Sometimes, I do not even answer an e-mail from a student in my class. Why?, you may ask. Simply because I am deeply offended by the lack of courtesy, displayed by poor grammar, capitalization, interpunction and I do not want to engage in a discussion with a person, a college student at that, who clearly does not value language skills.

"Hi Im a student in your tuesday and thursday 1230 lecture. I have
sent you 2 emails so far since last tuesday when we had a quiz. And in
the emails i was wondering if i could retake the quiz.My grandfather past
away on saturday and the funeral was on tuesday so i couldnt be in class.
so i was wondering if there is any chance i could retake it, please! I
know i did bad on 1 test so i needthis quiz to boost my grade. well if u
wont let me take the quiz please tell me and if possible could u tell me
my grades on the past few test i dont remember i wanna know how much this
will effect me.Could u please respond if u get this email i would really
like to know thank you very much for your time and sorry about the
inconvenience."

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And maybe I am right not corresponding with students, with some of them for sure. They keep your e-mail and either use it for mass mailings, or have it stolen by some fishing program. Here is mail that I got from my former student, with whom I had no social relationship, she would have no knowledge, whether I was interested in keeping home pets and, as an NIU graduate, she still cannot spell, no matter how often I corrected spelling in her tests:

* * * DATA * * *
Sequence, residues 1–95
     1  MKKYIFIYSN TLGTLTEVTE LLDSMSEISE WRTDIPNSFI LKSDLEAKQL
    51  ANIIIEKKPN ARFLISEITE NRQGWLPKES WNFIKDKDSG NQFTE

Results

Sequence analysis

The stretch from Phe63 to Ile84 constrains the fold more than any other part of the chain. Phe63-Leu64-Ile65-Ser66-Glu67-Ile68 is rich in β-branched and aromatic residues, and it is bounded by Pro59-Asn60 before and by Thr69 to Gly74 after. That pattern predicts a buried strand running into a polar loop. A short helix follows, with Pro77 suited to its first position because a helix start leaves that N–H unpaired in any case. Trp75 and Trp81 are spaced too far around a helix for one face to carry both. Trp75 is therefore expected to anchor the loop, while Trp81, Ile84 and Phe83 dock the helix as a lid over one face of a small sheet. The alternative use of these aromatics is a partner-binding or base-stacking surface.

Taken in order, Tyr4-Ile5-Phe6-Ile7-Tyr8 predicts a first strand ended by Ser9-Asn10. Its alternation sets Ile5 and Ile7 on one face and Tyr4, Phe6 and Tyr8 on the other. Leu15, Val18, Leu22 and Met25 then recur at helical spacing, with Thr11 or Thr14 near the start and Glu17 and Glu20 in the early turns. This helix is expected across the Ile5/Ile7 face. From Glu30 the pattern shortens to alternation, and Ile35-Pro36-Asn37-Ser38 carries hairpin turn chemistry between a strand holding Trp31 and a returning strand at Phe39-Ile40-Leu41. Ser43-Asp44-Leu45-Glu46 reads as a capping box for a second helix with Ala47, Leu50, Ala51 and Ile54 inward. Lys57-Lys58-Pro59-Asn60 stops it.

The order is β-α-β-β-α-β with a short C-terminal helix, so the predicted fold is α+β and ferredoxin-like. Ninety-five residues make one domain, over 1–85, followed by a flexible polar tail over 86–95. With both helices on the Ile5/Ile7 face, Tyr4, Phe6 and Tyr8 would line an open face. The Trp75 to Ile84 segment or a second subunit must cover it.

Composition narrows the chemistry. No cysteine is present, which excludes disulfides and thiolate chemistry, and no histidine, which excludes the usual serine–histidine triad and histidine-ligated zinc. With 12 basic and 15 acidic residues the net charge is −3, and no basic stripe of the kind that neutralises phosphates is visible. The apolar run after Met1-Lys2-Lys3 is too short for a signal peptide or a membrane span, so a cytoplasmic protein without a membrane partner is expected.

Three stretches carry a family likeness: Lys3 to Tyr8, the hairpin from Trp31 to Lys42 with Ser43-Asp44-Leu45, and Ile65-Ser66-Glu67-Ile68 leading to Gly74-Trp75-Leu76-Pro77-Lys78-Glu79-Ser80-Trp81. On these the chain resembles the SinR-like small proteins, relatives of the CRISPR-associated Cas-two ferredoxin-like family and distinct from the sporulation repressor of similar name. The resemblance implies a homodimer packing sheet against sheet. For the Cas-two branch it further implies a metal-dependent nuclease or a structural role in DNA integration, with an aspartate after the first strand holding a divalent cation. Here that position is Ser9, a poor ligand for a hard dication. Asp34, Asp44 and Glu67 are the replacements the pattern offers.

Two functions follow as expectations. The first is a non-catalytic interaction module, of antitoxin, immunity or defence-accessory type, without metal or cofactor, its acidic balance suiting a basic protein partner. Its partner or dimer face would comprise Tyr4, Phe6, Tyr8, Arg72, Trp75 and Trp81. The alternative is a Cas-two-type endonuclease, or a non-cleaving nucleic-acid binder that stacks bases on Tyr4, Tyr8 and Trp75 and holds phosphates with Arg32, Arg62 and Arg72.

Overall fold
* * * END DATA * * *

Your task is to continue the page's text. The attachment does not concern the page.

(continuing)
Subject:
Free Pets!
Date:
Thu, 19 Jul 2007 22:48:14 -0500
From:
"Sara Ellison" <sar.ael.lison@gmail.com>
To:

.... there were 171 names on the distribution list ....

Anybody want a guinea pig or two. We currently have three and are trying to find new homes for all of them. There are 2 girls which at least until now have lived together and one male.
The male is older, he probably won't live that long. The girls have probably live about half of there lifes. We have found that one of our cats is way too interested in them. Also, we just don't play with them like we use to. We would like to find someone that would love and play with them again. If you are interest you have about a week to call me at 824-906-1029, my house at 824-928-9899 or send me a message back here.
Sara

 

by Letitia Baldrige

Here is the text from the above link.

USA Today Opinion Column 05/05/00- Updated 04:06 PM ET

Let’s put some humanity into e-mail

E-mail is so beloved, universally accepted and adored that I feel almost like a traitor suggesting that there is a growing trend to abuse it. To many people, a criticism of the use of e-mail is like disrespecting the American flag. But from the perspective of a social behaviorist and a writer on manners, I think we ought to be teaching our children how to be better mannered with their e-mail. Otherwise, when they grow into adulthood, they will compound the rudeness and lack of civility on all levels apparent in today's correspondence.

In the interest of civilization, whether you are a parent, business manager, cyberspace whiz kid, teacher, artist, lawyer, doctor, or even a future billionaire entrepreneur, you will be an admired leader if you practice good e-mail manners. These manners will continue to evolve as time goes on. But for the year 2000, here are a few guidelines to contemplate:

It is decidedly rude to make mistakes in grammar, spelling, sentence structure and punctuation in e-mail. It is rude because the recipient will then have difficulty reading and understanding the message. If the message is sloppy and unedited, he or she might get quite the opposite meaning from what was intended.